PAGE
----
So this year, we are giving away prizes for the best Open Data Day 2021 photographs and videos as well as making sure that all the winners are published under an open license for anyone to use to promote Open Data Day in the future.

Thanks to the generous support of our funding partners, we are able to offer:

  • 10 prizes of $50 USD each for the best Open Data Day 2021 photographs
  • 5 prizes of $100 USD each for the best Open Data Day 2021 videos (max length = 60 seconds)

Open Knowledge Foundation wants more openly licensed images and video of Open Data Day in order to better communicate and share more about all the activities which happen annually to celebrate open data. 

All entries must be submitted by 12pm GMT on Saturday 13th March 2021 via this form and winners will be announced shortly afterwards.

If you are organising an event, please do tell your participants about the prizes. Anyone attending any Open Data Day event or online session anywhere in the world can submit photographs and/or videos to this competition. 

GPT-3 Jam / Ed Summers

One of the joys of pandemic academic life has been a true feast of online events to attend, on a wide variety of topics, some of which are delightfully narrow and esoteric. Case in point was today’s Reflecting on Power and AI: The Case of GPT-3 which lived up to its title. I’ll try to keep an eye out for when the video posts, and update here.

The workshop was largely organized around an exploration of whether GPT-3, the largest known machine learning language model, changes anything for media studies theory, or if it amounts to just more of the same. So the discussion wasn’t focused so much on what games could be played with GPT-3, but rather if GPT-3 changes the rules of the game for media theory, at all. I’m not sure there was a conclusive answer at the end, but it sounded like the consensus was that current theorization around media is adequate for understanding GPT-3, but it matters greatly what theory or theories are deployed. The online discussion after the presentations indicated that attendees didn’t see this as merely a theoretical issue, but one that has direct social and political impacts on our lives.

James Steinhoff looked at GPT-3 using a Marxist media theory perspective where he told the story of GPT-3’s as a project of OpenAI and as a project of capital. OpenAI started with much fanfare in 2015 as a non-profit initiative where the technology, algorithms and models developed would would be kept openly licensed and freely available so that the world could understand the benefits and risks of AI technology. Steinhoff described how in 2019 the project’s needs for capital (compute power and staff) transitioned it from a non-profit into a capped-profit company, which is now owned, or at least controlled, by Microsoft.

The code for generating the model as well as the model itself are gated behind a token driven Web API run my Microsoft. You can get on a waiting list to use it, but apparently a lot of people have been waiting a while, so … Being a Microsoft employee probably helps. I grabbed a screenshot of the pricing page that Steinhoff shared during his presentation:

I’d be interested to hear more about how these tokens operate. Are they per-request, or are they measured according something else? I googled around a bit during the presentation to try to find some documentation for the Web API, and came up empty handed. I did find Shreya Shankar’s gpt3-sandbox project for interacting with the API in your browser (mostly for iteratively crafting text input in order to generate desired output). It depends on the openai Python package created by OpenAI themselves. The docs for openai then point at a page on the website which is behind a login. You can create an account, but you need to be pre-approved (made it through the waitlist) to be able to see the docs. There’s probably some sense that can be made from examining the python client though.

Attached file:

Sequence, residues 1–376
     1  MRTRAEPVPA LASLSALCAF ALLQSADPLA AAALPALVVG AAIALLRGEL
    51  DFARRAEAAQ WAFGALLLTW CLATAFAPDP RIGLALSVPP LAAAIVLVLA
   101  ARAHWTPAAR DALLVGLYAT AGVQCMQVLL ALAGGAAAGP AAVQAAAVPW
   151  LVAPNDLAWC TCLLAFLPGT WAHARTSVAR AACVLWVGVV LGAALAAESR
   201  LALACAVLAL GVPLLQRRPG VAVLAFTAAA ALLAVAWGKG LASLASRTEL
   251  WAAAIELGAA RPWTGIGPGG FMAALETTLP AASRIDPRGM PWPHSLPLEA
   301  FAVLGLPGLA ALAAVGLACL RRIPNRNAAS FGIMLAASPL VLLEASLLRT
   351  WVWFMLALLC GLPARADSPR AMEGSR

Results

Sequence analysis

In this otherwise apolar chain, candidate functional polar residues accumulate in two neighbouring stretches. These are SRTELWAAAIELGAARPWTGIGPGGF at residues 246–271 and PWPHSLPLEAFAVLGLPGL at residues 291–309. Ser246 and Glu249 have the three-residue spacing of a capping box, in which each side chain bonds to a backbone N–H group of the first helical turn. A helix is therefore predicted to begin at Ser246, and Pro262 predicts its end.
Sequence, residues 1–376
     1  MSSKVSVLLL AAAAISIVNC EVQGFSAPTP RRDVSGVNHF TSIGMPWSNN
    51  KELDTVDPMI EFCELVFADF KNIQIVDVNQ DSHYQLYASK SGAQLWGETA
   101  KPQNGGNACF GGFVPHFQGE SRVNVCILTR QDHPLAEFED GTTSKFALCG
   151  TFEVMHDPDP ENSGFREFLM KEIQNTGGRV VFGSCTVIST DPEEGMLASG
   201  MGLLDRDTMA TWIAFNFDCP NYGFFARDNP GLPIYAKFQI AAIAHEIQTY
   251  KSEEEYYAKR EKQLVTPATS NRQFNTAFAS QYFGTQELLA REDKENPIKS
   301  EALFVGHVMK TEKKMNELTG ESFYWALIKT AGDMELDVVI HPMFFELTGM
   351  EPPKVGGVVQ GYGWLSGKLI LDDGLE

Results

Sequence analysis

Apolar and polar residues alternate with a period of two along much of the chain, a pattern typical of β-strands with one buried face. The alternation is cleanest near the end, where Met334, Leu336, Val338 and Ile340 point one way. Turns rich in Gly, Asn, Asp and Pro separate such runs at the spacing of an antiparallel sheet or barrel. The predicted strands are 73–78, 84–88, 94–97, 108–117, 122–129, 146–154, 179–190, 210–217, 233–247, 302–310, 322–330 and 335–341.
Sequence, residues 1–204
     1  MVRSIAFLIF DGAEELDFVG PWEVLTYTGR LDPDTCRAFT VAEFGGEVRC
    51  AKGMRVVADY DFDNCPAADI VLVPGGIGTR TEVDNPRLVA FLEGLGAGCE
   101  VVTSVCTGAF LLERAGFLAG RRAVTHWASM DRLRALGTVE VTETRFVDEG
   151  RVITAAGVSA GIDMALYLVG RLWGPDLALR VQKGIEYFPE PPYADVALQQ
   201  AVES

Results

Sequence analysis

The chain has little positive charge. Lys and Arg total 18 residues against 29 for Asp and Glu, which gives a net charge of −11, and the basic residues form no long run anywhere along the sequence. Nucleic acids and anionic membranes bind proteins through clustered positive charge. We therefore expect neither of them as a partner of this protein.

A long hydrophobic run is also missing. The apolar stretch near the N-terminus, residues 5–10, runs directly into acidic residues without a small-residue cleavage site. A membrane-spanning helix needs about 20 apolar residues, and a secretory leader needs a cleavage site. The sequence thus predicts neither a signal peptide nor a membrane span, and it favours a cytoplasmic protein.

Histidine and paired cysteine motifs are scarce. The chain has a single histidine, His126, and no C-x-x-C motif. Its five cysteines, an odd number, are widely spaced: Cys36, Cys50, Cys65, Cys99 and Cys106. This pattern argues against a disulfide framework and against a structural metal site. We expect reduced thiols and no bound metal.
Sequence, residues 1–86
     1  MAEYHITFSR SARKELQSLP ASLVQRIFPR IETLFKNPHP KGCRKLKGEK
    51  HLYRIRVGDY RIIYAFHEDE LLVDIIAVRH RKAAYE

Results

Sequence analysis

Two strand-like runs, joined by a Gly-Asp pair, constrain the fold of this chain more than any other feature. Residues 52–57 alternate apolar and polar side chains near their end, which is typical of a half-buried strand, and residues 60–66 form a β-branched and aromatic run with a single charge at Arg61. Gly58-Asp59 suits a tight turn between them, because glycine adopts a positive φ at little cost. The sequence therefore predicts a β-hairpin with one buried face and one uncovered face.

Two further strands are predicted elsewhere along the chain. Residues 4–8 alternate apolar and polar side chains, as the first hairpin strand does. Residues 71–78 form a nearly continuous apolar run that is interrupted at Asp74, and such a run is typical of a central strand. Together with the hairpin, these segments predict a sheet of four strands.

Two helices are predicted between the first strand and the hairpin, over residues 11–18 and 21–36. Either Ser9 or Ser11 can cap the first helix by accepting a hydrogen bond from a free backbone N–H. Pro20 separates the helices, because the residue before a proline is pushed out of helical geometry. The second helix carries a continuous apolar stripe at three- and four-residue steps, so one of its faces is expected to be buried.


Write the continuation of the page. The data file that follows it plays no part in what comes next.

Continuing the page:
All of the presentations in some form or another touched on the 175 billion parameters that were used to generate the model. But the API to the model doesn’t have that many parameters. It allows you to enter text and get text back. But the API surface that the GPT-3 service provides could be interesting to examine a bit more closely, especially to track how it changes over time. In terms of how this model mediates knowledge and understanding it’ll be important watch.

Steinhoff’s message seemed to be that, despite the best of intentions, GPT-3 functions in the service of very large corporations with very particular interests. One dimension that he didn’t explore perhaps because of time, is how the GPT-3 model itself is fed massive amounts of content from the web, or the commons. Indeed 60% of the data came from the CommonCrawl project.

GPT-3 is an example of an extraction project that has been underway at large Internet companies for some time. I think the critique of these corporations has often been confined to seeing them in terms of surveillance capitalism rather than in terms of raw resource extraction, or the primitive accumulation of capital. The behavioral indicators of who clicked on what are certainly valuable, but GPT-3 and sister projects like CommonCrawl shows just the accumulation of data with modest amounts of metadata can be extremely valuable. This discussion really hit home for me since I’ve been working with Jess Ogden and Shawn Walker using CommonCrawl as a dataset for talking about the use of web archives, while also reflecting on the use of web archives as data. CommonCrawl provides a unique glimpse into some of the data operations that are at work in the accumulation of web archives. I worry that the window is closing and the CommonCrawl itself will be absorbed into Microsoft.